Patterns of territory selection and sources of variation for reproductive performance in a Blue Tit Cyanistes caeruleus population breeding in nest-boxes during years 2007 and 2008 in a holm oak forest are analyzed. Territory selection has been assessed as a function of two fixed effect factors: territory location (peripheral vs. interior in the nestbox patch) and nestbox type (entrance hole: 26 mm vs. 32 mm). Breeding density was independent of these factors. Pairs nesting in periphery nest-boxes and in small-holed nestboxes owned territories bigger than those nesting in interior and large-holed nestboxes, respectively. The breeding traits studied were laying date, clutch size, hatching success, fledgling success and breeding success. Egg laying was earlier in periphery territories and small-holed nestboxes. Between-year variation was a factor significantly affecting to all breeding traits. Clutch size declines in late clutches. Hatching success was higher in territories with more tree density. Although egg laying started earlier in some territories, the mean breeding success was similar in all of them. However, territories with the greatest contribution of individuals to the population were those with small-holed nestboxes. Breeding success in successful pairs had a tendency to be higher in pairs with late clutches and in those nesting in interior territories with large-holed nestboxes. Both decreased breeding success and total breeding failure were much more important in the second breeding year than in the first one. The high breeding density of Blue Tit, favored by the experimental design of nestbox plot, did not suggest significant variation between territories in terms of breeding success achieved. Implications for nestbox management are discussed.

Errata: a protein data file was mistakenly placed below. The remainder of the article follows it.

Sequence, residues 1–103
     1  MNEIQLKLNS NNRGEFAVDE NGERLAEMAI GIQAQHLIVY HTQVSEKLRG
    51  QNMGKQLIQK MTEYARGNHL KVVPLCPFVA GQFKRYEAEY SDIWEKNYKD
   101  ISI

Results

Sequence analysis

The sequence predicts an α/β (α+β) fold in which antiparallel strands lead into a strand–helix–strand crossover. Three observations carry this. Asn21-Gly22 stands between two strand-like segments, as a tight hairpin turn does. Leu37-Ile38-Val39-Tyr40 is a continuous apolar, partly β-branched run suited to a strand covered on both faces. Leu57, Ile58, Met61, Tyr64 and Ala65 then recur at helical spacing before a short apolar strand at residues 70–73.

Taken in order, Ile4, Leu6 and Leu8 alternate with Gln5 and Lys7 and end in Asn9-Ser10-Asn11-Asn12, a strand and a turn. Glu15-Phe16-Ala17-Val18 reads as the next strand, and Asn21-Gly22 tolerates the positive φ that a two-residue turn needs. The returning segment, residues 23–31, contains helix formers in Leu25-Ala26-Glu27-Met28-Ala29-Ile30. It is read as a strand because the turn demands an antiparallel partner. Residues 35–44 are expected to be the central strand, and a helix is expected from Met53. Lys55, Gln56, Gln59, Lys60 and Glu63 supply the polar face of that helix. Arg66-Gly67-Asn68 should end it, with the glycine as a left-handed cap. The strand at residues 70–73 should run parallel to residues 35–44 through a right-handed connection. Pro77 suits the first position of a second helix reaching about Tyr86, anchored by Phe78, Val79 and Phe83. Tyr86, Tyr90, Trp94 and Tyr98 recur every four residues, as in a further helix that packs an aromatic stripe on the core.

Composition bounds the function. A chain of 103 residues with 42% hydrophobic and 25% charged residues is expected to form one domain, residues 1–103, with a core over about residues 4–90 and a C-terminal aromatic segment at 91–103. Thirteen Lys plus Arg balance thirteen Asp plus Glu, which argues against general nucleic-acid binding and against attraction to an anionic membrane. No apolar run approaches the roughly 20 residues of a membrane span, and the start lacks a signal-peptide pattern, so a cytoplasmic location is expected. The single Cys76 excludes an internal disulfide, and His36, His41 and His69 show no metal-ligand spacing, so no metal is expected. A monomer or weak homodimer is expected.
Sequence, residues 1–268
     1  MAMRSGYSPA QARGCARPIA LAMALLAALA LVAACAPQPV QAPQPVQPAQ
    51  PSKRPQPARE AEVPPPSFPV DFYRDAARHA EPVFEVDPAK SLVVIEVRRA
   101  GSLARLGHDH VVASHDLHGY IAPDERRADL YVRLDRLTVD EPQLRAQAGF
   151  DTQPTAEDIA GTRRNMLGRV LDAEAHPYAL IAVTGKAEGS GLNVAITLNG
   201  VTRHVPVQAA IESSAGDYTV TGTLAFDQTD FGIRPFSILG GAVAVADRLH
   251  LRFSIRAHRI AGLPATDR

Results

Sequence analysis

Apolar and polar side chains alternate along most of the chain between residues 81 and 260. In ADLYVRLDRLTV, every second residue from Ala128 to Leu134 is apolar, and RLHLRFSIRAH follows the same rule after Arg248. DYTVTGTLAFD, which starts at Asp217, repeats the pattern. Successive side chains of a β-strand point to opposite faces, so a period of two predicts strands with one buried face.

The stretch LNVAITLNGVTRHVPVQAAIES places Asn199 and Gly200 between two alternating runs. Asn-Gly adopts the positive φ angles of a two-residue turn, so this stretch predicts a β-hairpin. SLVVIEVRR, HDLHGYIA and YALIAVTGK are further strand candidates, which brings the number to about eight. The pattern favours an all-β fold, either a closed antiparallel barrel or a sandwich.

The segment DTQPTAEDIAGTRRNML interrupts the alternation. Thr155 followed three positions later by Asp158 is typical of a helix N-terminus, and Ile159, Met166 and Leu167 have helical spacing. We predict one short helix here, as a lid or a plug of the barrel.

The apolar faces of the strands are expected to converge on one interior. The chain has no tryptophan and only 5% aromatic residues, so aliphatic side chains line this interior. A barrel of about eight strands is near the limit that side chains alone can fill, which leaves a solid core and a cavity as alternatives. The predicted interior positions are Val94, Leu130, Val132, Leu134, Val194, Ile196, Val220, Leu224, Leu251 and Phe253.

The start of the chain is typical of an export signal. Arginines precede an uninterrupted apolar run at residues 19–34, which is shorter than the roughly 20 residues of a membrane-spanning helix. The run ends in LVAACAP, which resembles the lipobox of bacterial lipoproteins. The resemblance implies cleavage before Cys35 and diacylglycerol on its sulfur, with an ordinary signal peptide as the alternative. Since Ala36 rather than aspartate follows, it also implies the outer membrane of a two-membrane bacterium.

8. Experimental waterfowl breeding population survey Maine, the Maritime provinces, and Central Quebec: 1997